• One reaching the end state of 6 males flashing and one female responding, it will continue that pattern until it is reset at a random interval, about 5-20 minutes.
The code was compiled with avr-gcc 4.2.0.  I used an ATtiny85, and it also works with an ATtiny45 on my prototype board.  There are also two shorter example programs included that can be used as a base for different behaviors.  All source code is freely available under the GPL .

Download the source code and compiled .hex files here .



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    23 Discussions

    I've had so much fun making these (even did some for a wedding), so thanks again for this! Seriously, thank you.

    Have you ever considered adding a Piezo or something and have the fireflies get angry if you tap the jar? Like they go into a special sequence where they all randomly flash and have fast, agitated pulses. That would just be fun. If anybody tries this, please report back with your results.

    I wish I understood what all this means I would love to make this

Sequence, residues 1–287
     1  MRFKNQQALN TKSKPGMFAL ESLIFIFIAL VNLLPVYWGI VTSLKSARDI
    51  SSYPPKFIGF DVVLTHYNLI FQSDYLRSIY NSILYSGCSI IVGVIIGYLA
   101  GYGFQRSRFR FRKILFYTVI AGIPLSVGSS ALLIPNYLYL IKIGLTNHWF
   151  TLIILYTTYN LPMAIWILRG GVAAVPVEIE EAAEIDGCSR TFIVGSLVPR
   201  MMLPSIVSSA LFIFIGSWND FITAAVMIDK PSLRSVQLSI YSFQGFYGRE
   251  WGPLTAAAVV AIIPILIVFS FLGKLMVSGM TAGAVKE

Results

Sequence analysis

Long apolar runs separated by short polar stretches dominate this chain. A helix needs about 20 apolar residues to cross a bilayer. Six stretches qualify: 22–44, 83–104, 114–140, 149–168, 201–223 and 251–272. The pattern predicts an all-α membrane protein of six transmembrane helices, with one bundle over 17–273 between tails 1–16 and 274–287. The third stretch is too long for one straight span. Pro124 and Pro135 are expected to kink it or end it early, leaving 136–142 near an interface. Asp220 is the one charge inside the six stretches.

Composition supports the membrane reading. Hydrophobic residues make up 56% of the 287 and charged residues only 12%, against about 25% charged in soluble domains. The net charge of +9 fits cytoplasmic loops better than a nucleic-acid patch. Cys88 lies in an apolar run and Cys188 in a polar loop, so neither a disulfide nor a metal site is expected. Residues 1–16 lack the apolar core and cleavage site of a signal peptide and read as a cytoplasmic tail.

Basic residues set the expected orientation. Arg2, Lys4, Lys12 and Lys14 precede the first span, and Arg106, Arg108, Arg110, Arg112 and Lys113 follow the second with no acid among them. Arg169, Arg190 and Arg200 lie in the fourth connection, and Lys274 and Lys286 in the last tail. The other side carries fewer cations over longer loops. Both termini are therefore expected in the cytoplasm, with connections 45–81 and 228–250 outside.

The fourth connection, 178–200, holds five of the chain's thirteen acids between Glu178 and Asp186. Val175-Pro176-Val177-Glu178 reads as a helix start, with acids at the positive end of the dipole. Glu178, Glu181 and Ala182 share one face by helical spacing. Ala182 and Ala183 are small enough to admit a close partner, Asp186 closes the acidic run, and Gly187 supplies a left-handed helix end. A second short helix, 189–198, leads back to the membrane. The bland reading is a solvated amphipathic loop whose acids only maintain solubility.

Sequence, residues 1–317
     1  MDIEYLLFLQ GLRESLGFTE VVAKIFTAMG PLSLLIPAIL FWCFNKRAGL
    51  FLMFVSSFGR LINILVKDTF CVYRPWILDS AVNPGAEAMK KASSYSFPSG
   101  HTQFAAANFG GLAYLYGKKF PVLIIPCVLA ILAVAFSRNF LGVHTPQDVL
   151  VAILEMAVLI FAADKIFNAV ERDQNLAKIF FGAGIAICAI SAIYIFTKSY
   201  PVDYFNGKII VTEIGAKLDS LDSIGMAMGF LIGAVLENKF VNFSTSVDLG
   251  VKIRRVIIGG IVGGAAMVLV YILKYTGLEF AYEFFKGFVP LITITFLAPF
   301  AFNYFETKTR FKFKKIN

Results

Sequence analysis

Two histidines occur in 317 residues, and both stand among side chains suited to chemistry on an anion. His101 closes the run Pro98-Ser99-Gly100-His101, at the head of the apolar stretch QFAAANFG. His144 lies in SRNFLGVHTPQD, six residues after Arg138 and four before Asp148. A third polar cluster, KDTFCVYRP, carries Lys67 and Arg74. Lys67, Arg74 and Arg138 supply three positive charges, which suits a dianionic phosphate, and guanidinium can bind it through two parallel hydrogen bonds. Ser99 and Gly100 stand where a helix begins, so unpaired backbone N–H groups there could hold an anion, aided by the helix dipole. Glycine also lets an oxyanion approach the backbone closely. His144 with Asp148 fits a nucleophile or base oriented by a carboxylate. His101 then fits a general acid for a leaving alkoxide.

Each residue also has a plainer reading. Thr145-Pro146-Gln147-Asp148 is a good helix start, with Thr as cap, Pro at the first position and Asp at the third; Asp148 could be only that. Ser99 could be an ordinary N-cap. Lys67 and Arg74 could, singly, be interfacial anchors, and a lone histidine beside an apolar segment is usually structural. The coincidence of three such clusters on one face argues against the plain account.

Never mind the part about the boot sequence not working. My chip had just failed to overwrite and still had it disabled.

    The boot sequence has never worked for me. It's just ignored.

    Also, I think it would be neat to have the boot sequence actually run the entire cycle once with the settings adjusted faster. Like a quick preview. Then go into the real thing. Anybody know how to do this? I mean, I know how to make it go faster, but not how to make it do that once and then start and loop the real thing only. I'm using ATtiny85, so there should be enough space to repeat the entire code, right?

    I want the fireflies to stay on a little bit longer, but when I change PULSELEN from 20 to 40, I get LEDs which get stuck steady on for over a minute every now and then. I think this is happening when a new cycle starts. Can anybody help?

    5 replies